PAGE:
"At the end of last year, I did not have a big rest. I trained on my mountain bike in Russia. There was no snow this last year, so there was a lot of time to ride. I did a lot of hard riding on my mountain bike. In the spring I was in good shape."

However, his attacking style has made him known by the very same riders he admires. "This is always a big problem," Ignatiev noted. "When you are an unknown rider the others will let you go. After you win one, two or three races, they begin to watch you.

"In the last Olympics, on the track, the unknown factor helped me, but next year I don't know. I was able to go solo for one, two or three laps, and then win."

"I train all day: In the morning I eat, and I think how will I race or train... I like long training rides of five or six hours in the mountains."

-Mikhail Ignatiev

He knows he has to re-think his tactics to achieve wins in the future. "I would not attack in the first kilometre! I need to attack in a small group. In four it would be difficult; in ten it would be better." How can you win the Milano-Sanremo? "Sanremo is difficult for me. The last descent [Poggio, 5.7km to go - ed.] is very, very hard. I am not so good on the descents. This is a big problem for me. I will work on my descending, and I have worked on it a lot. In Sanremo you have to be good on the descents."

After a short five day visit to Russia following the Worlds, Ignatiev will be back in Italy for one last road rendezvous and then he will focus on the track. "After the five days [in Saint Petersburg] I will travel to Italy for the last race, Giro del Lombardia. After Lombardia, I will focus on the track. One race in Moscow, and then two World Cups – one in Australia and one in Beijing. After that I will have a happy new year with two weeks in Saint Petersburg."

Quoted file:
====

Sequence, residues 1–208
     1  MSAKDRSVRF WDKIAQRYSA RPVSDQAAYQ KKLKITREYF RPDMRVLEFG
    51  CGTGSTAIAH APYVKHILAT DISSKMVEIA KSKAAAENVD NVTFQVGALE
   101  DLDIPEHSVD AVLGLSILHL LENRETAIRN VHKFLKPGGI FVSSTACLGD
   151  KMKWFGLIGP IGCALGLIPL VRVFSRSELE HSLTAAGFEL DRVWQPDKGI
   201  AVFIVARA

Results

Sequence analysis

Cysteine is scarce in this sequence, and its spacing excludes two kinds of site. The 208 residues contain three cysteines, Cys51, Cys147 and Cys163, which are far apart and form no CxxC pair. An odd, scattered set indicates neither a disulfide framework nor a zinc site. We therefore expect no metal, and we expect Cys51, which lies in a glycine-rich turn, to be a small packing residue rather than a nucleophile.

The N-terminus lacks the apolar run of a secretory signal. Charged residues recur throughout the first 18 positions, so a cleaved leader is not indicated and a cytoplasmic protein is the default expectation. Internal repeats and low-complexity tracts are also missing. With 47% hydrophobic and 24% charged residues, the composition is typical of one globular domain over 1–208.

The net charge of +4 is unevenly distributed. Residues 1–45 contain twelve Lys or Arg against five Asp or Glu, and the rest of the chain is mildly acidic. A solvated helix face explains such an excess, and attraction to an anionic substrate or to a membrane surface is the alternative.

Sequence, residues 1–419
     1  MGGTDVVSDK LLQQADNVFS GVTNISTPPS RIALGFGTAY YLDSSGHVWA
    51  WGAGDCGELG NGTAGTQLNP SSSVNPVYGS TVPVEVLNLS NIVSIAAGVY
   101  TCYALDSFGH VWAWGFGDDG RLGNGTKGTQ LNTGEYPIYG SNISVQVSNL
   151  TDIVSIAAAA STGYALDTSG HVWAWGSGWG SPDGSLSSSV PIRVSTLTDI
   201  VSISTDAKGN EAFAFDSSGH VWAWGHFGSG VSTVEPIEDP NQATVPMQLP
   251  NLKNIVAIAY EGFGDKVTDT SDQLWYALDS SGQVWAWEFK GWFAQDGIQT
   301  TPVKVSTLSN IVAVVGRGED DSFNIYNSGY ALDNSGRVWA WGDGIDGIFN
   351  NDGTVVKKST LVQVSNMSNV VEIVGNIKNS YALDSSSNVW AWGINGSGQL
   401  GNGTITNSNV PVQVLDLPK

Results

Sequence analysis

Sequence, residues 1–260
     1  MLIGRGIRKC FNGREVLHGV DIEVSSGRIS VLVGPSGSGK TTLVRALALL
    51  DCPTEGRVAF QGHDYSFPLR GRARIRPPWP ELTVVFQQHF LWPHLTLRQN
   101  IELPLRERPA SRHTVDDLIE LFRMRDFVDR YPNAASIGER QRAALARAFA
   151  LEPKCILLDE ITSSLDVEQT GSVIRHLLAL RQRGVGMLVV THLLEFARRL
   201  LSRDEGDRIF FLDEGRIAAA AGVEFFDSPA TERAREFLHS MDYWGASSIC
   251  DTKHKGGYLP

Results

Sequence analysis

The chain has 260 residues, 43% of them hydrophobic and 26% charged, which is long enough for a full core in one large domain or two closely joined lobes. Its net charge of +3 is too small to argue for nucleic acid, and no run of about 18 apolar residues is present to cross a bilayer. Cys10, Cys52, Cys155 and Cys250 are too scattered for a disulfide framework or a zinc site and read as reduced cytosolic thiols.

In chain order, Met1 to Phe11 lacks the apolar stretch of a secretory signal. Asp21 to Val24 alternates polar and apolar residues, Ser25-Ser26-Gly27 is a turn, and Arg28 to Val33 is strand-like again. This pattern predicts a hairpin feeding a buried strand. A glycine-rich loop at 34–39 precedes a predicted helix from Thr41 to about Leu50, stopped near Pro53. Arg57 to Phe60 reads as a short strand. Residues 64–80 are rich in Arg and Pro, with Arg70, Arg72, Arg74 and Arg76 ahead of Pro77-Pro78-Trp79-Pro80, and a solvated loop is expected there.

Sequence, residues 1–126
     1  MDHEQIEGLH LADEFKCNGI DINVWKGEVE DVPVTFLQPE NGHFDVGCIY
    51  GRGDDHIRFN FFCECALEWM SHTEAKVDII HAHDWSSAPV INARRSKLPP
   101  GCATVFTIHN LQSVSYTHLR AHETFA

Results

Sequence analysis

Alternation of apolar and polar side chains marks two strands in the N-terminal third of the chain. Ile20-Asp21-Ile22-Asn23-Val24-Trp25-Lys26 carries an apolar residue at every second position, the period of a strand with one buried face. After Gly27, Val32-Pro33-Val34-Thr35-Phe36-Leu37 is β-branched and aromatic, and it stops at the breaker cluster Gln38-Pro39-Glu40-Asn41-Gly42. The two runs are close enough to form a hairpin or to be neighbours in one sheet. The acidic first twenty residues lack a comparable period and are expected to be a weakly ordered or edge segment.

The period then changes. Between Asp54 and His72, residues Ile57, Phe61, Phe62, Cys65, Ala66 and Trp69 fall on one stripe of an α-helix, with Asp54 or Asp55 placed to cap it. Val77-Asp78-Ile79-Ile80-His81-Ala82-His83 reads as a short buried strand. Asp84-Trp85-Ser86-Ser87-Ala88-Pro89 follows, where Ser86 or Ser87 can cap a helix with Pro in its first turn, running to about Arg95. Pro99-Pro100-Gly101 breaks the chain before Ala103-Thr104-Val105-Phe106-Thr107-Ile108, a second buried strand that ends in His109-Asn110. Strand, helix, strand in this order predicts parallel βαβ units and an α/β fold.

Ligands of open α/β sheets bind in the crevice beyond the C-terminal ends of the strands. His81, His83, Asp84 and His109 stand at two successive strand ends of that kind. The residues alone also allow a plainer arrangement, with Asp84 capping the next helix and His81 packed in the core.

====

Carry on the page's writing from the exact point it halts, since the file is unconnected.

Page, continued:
He will see his loved-ones, but only for a short period. "I have a girlfriend there. However, I will only be there for two weeks before returning to racing. My first race will likely be in Australia with the Tour Down Under.

Mikhail Ignatiev

Age: 22
Born: May 7, 1985
Born in: Russia

Photo ©: Sirotti
(Click for larger image)

Giro d'Italia animator

Tinkoff Credit Systems got one of the coveted Giro d'Italia wildcard spots in 2007. The team did not win a stage, but it did not disappoint; Ignatiev and Pavel Brutt went on the attack every day in the opening stages of the race.

"It is a great race. It was my first Grand Tour and ProTour race," Ignatiev recalled. "I was always in an attack, me or Pavel Brutt. Even on the last day in Milano; I attacked there." For his efforts he won the final T.V. Garibaldi and Fuga Gilera classifications.

"You know, after the time trial in Verona I had a tough time. I did that day in the rain; I was always braking because I had not previewed the course. It was not that good of a day."

Building for 2008